London: Researchers from the University of Oxford have analysed the impact of the Omicron COVID-19 variant of concern on one of the immune responses generated by vaccination.
Using blood samples from individuals who had previously received two doses of the Oxford-AstraZeneca or Pfizer-BioNTech vaccines as part of the Com-COV study, and a live virus isolate, they demonstrate substantial decrease in neutralising titres – a measure of the level of neutralising antibodies generated in responses to vaccination against, or infection from, COVID-19.
The results, published on the pre-print server MedRxiv, indicate that the Omicron variant has the potential to drive a further wave of infections, including among those already vaccinated, although the researchers highlight that there is currently no evidence of increased potential to cause severe disease, hospitalisations or deaths in vaccinated populations.
These results align with recently published data from UK Health Security Agency, showing reduced effectiveness of two doses of these vaccines against symptomatic disease due to the Omicron variant compared to Delta. Importantly, this effectiveness was improved by a third dose of vaccine.
Professor Gavin Screaton, Head of the University’s Medical Sciences Division, and lead author of the paper, said: "These data will help those developing vaccines, and vaccination strategies, to determine the routes to best protect their populations, and press home the message that those who are offered booster vaccination should take it."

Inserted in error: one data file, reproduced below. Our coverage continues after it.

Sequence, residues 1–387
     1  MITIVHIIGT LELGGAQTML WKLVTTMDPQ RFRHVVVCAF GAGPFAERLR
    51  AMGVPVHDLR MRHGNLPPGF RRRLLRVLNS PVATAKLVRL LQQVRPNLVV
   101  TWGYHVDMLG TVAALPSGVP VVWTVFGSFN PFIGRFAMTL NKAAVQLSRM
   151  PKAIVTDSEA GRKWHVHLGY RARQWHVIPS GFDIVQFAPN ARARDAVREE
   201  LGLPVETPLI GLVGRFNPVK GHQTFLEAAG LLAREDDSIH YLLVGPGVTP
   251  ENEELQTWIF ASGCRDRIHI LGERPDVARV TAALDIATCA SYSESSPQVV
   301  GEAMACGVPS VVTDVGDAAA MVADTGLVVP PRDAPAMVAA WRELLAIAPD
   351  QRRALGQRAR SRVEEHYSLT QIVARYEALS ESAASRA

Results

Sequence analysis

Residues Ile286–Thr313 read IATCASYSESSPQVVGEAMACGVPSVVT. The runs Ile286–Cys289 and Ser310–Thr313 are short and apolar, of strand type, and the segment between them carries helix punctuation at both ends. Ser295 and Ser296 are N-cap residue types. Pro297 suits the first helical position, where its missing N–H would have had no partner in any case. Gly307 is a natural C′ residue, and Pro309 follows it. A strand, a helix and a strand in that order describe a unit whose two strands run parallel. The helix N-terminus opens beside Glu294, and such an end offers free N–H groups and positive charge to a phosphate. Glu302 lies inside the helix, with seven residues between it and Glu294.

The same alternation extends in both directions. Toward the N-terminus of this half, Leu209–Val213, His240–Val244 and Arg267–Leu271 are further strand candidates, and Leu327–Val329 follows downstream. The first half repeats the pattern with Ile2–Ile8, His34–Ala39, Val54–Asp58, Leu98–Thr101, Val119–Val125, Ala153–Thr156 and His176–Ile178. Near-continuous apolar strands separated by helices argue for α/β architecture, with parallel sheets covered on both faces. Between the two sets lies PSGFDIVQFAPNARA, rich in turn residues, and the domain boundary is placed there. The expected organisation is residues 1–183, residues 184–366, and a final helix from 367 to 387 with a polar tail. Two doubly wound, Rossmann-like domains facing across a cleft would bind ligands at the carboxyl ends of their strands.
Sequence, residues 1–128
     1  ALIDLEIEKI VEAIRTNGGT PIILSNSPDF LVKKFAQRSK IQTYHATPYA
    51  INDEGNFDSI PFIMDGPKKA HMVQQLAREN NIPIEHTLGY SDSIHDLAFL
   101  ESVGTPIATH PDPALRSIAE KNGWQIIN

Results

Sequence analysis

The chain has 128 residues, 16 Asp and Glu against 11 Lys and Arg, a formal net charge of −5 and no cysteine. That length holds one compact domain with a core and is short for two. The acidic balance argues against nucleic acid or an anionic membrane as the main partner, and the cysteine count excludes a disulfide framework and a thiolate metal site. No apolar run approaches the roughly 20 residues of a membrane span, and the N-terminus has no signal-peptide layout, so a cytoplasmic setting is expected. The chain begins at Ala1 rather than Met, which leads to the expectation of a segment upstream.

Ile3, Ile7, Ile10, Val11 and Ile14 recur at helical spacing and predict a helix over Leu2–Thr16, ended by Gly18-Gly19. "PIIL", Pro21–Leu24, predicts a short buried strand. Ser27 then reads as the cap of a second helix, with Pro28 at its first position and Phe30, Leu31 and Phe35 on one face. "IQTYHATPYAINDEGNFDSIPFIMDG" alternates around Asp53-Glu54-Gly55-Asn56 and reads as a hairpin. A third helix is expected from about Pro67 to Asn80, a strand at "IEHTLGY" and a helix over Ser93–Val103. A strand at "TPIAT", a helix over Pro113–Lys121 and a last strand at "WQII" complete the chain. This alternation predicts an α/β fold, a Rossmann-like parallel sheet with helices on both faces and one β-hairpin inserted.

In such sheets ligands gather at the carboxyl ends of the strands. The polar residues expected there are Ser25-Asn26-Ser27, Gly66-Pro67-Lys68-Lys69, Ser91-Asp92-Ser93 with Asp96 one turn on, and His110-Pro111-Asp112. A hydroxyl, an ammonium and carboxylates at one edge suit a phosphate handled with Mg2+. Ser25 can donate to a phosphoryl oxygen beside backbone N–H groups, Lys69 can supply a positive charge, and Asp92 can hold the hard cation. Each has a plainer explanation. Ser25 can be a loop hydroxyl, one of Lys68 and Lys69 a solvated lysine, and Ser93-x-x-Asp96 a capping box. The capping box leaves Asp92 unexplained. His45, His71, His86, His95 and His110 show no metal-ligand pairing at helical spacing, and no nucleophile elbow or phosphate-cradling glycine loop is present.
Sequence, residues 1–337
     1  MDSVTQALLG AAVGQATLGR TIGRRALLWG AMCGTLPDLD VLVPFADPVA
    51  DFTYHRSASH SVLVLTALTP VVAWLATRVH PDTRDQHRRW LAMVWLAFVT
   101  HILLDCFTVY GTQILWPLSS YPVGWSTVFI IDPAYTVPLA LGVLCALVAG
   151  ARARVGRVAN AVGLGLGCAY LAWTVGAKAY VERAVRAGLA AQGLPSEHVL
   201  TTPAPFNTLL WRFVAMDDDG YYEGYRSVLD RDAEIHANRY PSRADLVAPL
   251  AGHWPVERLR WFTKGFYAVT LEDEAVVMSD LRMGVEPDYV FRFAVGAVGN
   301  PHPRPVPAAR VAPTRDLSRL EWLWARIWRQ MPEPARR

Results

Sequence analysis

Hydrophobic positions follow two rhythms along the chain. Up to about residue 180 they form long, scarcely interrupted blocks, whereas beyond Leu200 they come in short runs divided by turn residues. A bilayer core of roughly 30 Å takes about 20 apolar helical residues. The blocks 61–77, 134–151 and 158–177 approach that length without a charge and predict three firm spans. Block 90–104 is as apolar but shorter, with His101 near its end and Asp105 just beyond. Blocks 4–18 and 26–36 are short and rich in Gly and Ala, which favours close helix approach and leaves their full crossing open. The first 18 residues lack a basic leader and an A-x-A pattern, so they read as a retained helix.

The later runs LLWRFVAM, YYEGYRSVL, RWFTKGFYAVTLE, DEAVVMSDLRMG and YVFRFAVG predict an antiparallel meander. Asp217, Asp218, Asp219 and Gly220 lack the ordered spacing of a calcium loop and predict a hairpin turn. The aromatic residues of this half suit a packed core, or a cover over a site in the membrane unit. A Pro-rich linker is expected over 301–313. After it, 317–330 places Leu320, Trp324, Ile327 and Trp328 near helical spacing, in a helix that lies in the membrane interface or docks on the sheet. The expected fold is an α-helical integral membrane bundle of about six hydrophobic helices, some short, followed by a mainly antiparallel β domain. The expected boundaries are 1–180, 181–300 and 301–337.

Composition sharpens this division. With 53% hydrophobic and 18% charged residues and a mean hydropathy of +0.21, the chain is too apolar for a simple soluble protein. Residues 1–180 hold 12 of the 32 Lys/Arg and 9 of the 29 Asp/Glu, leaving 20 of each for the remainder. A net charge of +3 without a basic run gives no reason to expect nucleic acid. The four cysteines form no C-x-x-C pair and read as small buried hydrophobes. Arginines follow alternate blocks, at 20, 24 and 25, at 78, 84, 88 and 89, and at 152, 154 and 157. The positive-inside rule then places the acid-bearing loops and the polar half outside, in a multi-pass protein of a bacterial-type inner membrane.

"Whilst there is no evidence for increased risk of severe disease, or death, from the virus amongst vaccinated populations, we must remain cautious, as greater case numbers will still place a considerable burden on healthcare systems," Gavin Screaton said.
Professor Matthew Snape, Professor in Paediatrics and Vaccinology at the University of Oxford and co-author, said: ‘It was always a goal of the Com-COV studies to be able to have samples ready, if needed, to test various vaccination schedules against new variants of the coronavirus as they emerged, and we were delighted to assist our colleagues with this important study to enhance our knowledge of how the virus is changing."
"These data are important but are only one part of the picture. They only look at neutralising antibodies after the second dose, but do not tell us about cellular immunity, and this will also be tested using stored samples once the assays are available," Snape said.
"Importantly, we have not yet assessed the impact of a “third dose” booster, which we know significantly increases antibody concentrations, and it is likely that this will lead to improved potency against the Omicron variant," Snape said.
Professor Teresa Lambe, Professor in Vaccinology at the University of Oxford, and an author on the paper, said: "Vaccination induces many arms of our immune system, including neutralising antibodies and T-cells. Real-world effectiveness data has shown us that vaccines continue to protect against severe disease with previous variants of concern. The best way to protect us going forward in this pandemic is by getting vaccines in arms."
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